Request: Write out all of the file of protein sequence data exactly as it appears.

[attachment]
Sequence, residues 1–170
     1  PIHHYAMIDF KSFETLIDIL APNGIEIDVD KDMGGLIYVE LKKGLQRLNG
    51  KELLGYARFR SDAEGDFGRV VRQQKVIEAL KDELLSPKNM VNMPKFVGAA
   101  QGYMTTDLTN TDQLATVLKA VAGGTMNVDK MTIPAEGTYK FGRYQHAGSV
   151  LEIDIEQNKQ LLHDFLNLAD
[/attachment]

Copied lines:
Sequence, residues 1–170
     1  PIHHYAMIDF KSFETLIDIL APNGIEIDVD KDMGGLIYVE LKKGLQRLNG
    51  KELLGYARFR SDAEGDFGRV VRQQKVIEAL KDELLSPKNM VNMPKFVGAA
   101  QGYMTTDLTN TDQLATVLKA VAGGTMNVDK MTIPAEGTYK FGRYQHAGSV
   151  LEIDIEQNKQ LLHDFLNLAD